Rabbi Moshe Miller of "AskMoses.com" responded to my inquiry on Tashlich with the following thoughts. First there is no mention "at all" of tashlich in the Talmud. Secondly, tashlich is found in the Zohar and the reference is Volume 3, page 101a. Third, Rabbi Miller said that some rabbis see "an allusion" to tashlich in the book of Nehemiah (Chapter 8:1-3).
If this information is accurate, and there is no reason to doubt its validity, then the celebration of tashlich needs to be seriously rethought by participating Messianics. The only "allusion" to tashlich that I can find in my reading of Nehemiah 8:1-3 is the mention of a "Water Gate". Does the mere mention of water mean that anyone was throwing a rock or piece of bread into the water as a means of symbolizing the abolishment of sin? To extract the tashlich ceremony out of Nehemiah 8:1-3 semes to be stretching the credibility of the word "allusion" to its breaking point. The fact that Rabbi Miller admits that the Talmud does not mention or even allude to the ceremony of tashlich should give caution to seeing tashlich in Nehemiah 8. It would seem that when all the evidence is weighed that tashlich is founded in the Zohar of the 16th century and the Zohar is the clear foundation for Kabbalah ie Jewish Mysticism.
Submitted by admin on Mon, 2006-04-24 00:43.
Every year on the day of Yom Teruah it is traditional to go to a body of water and cast either a rock or piece of bread into the water. The ceremony of throwing a rock or piece of bread is known as "tashlich" from the Hebrew word which means "throw" or "cast". Often at "tashlich" it is customary to recite Scriptures like Micah 7:18-20 and some selected Psalms dealing with the forgiveness of sins. By throwing a rock or piece of bread into the water one is symbolically casting away sins that will never be remembered again.
For many years I participated in this tradition without examining its roots or origin. In speaking to a fellow believer recently I was challenged to examine "tashlich" to see if it had pagan origins. The brother who challenged me asserted that "tashlich" had its roots in the Kabbalistic movement which would mean that it came out of the Zohar. In my investigation, which has admittedly not been exhaustive, I have read several sources who claim that they don't know where the tradition of "tashlich" originated. I checked the Encyclopedia Judaica, several on-line rabbis, and a number of other sources who can only say that "tashlich" originated in the mid-1500's to mid-1600's. Several sources did say that Kabbalah has been the main encouragement behind "tashlich" but stopped short of saying that Kabbalah was the source of "tashlich's" origin. In reading Reuven Hammer's book, "Entering the High Holy Days", he writes, "this ceremony ,whose origins are unknown, may even have been a superstitious practice common to many peoples. As one scholar speculates, there was a 'common custom of throwing sops to the spirits of rivers on critical days of the year'". Hammer goes on to add that "tashlich" is not a command or recommendation of the sages presumably meaning the sages of the Talmudic era. One custom that seems to have attached itself to "tashlich" is the shaking of ones garment over the water which Hammer says was "symbolic of shaking away the kelipot, the husks of evil spoken of in the Lurianic Kabbalah."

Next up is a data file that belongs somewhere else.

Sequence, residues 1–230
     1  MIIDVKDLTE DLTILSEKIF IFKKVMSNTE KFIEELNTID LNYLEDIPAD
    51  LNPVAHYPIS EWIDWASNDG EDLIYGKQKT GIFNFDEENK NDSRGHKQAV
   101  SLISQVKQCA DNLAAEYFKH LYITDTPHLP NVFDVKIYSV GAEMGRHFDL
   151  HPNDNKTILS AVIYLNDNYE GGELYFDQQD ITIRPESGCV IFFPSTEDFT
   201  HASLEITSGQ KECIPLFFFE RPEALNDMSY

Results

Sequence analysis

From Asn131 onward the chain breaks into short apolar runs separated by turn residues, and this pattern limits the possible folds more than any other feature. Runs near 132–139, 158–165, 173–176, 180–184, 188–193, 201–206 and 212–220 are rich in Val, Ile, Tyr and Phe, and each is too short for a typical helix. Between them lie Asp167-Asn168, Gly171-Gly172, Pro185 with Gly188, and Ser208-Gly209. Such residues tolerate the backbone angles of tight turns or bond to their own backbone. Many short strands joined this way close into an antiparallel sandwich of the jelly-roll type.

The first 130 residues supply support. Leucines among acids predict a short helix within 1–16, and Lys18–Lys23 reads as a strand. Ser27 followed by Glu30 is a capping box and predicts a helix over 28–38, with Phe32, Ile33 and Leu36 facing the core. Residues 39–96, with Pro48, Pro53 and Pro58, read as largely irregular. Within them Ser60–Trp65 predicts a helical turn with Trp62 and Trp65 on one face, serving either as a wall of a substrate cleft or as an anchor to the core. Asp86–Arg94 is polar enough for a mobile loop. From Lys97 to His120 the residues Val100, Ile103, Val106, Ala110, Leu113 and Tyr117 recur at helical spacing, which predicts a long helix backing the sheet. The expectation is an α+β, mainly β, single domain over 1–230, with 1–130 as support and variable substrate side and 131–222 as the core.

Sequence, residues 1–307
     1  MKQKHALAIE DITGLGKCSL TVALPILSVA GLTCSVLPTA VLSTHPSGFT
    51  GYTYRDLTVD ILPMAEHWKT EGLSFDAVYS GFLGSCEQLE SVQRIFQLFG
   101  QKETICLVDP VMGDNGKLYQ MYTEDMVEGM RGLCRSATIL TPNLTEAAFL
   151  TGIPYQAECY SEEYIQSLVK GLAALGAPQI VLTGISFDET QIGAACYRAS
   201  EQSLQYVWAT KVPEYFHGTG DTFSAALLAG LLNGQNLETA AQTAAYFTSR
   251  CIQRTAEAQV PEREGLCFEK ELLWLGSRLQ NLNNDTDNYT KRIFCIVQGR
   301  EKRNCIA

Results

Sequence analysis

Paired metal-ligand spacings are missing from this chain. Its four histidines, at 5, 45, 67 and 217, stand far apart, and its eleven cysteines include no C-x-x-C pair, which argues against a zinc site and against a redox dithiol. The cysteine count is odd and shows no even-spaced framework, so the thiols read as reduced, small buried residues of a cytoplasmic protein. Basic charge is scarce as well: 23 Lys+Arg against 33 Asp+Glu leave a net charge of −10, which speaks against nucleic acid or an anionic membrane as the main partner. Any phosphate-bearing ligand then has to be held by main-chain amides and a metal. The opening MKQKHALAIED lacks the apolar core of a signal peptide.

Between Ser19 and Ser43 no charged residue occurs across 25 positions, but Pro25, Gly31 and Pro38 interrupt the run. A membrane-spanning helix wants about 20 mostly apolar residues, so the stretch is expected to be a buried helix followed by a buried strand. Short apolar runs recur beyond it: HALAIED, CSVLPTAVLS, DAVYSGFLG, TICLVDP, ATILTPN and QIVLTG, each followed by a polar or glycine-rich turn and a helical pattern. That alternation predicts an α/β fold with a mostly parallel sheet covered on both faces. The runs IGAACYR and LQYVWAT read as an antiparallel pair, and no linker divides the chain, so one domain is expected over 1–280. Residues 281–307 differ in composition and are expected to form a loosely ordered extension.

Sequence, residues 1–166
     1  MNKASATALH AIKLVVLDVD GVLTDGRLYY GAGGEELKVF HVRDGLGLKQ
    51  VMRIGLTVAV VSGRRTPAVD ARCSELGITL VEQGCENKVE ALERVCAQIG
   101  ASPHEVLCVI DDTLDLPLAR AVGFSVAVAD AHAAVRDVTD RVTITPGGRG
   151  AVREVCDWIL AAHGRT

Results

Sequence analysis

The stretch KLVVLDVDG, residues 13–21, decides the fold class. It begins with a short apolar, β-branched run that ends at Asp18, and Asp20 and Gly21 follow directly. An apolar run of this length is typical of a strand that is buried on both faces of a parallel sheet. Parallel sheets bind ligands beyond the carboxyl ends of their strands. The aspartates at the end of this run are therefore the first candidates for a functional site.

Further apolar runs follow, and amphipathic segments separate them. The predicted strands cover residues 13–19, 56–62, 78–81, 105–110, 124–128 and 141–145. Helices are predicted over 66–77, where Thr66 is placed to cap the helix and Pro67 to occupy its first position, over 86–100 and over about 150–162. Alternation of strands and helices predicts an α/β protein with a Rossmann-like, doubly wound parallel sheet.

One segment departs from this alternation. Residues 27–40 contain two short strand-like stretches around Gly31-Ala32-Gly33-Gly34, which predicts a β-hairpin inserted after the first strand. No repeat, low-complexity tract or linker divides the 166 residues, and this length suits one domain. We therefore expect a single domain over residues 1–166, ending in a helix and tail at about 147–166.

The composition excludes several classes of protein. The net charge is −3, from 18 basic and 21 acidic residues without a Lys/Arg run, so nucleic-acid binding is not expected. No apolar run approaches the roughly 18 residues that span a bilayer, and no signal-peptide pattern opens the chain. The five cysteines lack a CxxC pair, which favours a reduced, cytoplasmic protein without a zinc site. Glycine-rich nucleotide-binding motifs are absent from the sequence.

Please note that I have titled this section "preliminary" as there is more research that needs to be done before concrete decisions are made to embrace or reject "tashlich". Two things should be kept in mind as research into this topic goes forward. First, there is no command in Torah, the Hebrew Scripture, or the Apostolic Scripture that requires one to participate in "tashlich". Secondly, if the origins of "tashlich" are found to be mystical and Kabbalistic we as Messianics should be willing to avoid participation in this tradition. Some will argue that if "tashlich" can be cleaned up, sanitized, and changed then it's fine to participate but then the same argument must be given to those who say Christmas and Easter can be sanitized of its pagan origin. As further research is completed I will make updates to this topic.